Longitudinal Treatment Patterns for Chorea in Patients with Huntington Disease: Data from Enroll-HD
Erin Furr-Stimming1, Daniel Claassen2, Ginny Sen3, Mallory Farrar3, Ericha Franey3, Chuck Yonan3, Dietrich Haubenberger3
1The University of Texas Health Science Center at Houston, 2Vanderbilt University Medical Center, 3Neurocrine Biosciences, Inc.
Objective:

To determine longitudinal treatment patterns for chorea in individuals with Huntington disease (HD) using Enroll-HD Periodic Dataset 5.0.

Background:

Enroll-HD is a worldwide, prospective, observational study of individuals with (or at-risk for) HD. Previous analyses of Enroll-HD data suggest that chorea may be undertreated despite the availability of FDA-approved medications such as the vesicular monoamine transporter 2 [VMAT2] inhibitors and off-label medications such as antipsychotics and benzodiazepines.

Design/Methods:
Data were collected from Jun-2012 to Oct-2020 for North American patients (≥18 years) with Unified Huntington’s Disease Rating Scale (UHDRS) Diagnostic Confidence Level 4 at each study visit. Presence of chorea was defined as UHDRS Total Maximal Chorea ≥2. Medications intended for chorea (as indicated in the Enroll-HD Database) were categorized as follows: VMAT2 alone, antipsychotics alone, medications other than VMAT2 inhibitors or antipsychotics (Other), and 2+ different medications from previous 3 categories (Combination).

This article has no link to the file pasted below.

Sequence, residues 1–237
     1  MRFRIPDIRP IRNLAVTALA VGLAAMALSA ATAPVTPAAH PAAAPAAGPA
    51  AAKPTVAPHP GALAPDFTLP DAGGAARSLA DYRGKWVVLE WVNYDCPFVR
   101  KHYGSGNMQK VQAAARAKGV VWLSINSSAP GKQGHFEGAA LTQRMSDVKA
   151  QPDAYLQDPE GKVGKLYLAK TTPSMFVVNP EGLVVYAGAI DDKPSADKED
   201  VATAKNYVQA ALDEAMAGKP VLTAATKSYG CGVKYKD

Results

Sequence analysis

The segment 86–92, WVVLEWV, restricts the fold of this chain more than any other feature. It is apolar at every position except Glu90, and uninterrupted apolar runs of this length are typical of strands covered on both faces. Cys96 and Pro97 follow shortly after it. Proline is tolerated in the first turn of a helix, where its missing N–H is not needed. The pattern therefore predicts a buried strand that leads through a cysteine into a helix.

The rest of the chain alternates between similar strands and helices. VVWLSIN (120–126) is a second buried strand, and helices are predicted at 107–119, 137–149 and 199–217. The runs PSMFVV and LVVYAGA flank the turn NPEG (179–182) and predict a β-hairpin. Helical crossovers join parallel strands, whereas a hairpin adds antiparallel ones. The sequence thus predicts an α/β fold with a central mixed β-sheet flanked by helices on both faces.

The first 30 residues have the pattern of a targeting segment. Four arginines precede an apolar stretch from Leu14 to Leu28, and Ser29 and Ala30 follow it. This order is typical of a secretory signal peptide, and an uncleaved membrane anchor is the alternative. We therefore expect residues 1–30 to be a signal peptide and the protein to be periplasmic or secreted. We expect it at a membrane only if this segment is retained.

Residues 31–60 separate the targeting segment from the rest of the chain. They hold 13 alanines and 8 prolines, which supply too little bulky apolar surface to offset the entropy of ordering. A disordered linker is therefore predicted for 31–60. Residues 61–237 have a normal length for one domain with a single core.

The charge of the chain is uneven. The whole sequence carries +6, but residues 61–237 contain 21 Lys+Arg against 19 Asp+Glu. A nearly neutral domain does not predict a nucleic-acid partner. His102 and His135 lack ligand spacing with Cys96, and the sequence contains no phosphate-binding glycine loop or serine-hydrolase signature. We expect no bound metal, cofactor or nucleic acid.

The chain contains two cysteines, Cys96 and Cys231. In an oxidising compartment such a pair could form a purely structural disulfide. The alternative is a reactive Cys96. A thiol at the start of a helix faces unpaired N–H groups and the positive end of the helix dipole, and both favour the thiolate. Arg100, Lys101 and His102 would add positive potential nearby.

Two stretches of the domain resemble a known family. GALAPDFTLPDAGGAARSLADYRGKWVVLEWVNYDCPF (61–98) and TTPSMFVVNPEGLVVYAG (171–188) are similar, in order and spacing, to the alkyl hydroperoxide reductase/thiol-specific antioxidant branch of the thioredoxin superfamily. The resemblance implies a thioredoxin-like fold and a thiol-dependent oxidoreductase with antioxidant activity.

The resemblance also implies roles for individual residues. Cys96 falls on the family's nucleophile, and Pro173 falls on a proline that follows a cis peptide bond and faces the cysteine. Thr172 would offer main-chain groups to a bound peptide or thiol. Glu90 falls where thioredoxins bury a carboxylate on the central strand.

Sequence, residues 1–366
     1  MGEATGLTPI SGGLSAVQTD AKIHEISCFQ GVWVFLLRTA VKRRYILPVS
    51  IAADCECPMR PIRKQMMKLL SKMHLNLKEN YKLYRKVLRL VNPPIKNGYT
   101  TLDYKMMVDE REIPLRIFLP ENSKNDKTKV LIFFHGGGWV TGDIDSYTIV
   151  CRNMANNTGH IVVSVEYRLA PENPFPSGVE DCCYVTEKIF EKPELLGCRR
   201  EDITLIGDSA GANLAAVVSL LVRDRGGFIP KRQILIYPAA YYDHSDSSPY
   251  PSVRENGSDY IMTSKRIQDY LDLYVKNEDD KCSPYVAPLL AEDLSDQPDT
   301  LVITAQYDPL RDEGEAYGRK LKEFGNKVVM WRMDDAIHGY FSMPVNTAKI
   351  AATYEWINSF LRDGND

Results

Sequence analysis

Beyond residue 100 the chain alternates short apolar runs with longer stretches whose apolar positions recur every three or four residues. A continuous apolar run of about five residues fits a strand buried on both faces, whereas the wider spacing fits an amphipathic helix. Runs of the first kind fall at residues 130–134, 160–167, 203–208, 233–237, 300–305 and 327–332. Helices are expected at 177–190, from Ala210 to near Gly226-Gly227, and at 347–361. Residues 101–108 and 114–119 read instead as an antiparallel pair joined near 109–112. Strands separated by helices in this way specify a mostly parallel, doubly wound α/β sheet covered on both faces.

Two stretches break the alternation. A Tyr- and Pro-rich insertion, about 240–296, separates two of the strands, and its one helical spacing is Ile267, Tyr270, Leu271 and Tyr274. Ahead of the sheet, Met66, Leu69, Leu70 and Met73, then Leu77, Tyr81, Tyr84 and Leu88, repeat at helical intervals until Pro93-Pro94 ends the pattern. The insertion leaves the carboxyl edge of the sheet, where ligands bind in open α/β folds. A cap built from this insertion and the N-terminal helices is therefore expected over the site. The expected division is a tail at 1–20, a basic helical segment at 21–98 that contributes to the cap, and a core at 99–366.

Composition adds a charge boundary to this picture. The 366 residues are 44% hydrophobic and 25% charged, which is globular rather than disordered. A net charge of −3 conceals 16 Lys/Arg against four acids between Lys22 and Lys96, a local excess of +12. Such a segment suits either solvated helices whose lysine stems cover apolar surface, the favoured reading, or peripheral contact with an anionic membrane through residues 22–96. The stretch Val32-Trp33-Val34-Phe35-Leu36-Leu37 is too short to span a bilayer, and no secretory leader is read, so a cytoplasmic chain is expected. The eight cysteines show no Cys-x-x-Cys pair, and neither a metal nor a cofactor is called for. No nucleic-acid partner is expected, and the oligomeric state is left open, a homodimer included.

Results:
Chorea was documented in 96.8% (2507/2590) of eligible patients and 96.5% (6678/6920) of visits. Medications for chorea were prescribed to 36.1% (906/2507) of patients with chorea, with first-line treatments as follows: VMAT2 inhibitors (49.9%), antipsychotics (27.5%), other medications (18.7%), and combination treatments (4.0%). Average treatment duration ranged from 28.8 (VMAT2) to 41.2 (antipsychotics) months. Of the 906 treated patients, 688 (75.9%) continued their first-line medication; 147 (16.2%) changed treatment, often to a combination therapy (e.g., VMAT2 inhibitor plus antipsychotic, with/without other medication [n=43]); and 71 (7.8%) discontinued treatment for >90 days (mean 1-2 years). 29.4% (64/218) of patients switched/discontinued their second-line therapy.
Conclusions:

In this analysis of a natural history database, 36.1% of patients with chorea received medication intended for chorea. Patients generally continued their first-line treatment, but those who switched often received a combination therapy. Continued research is needed to better understand optimal treatment patterns for chorea in patients with HD.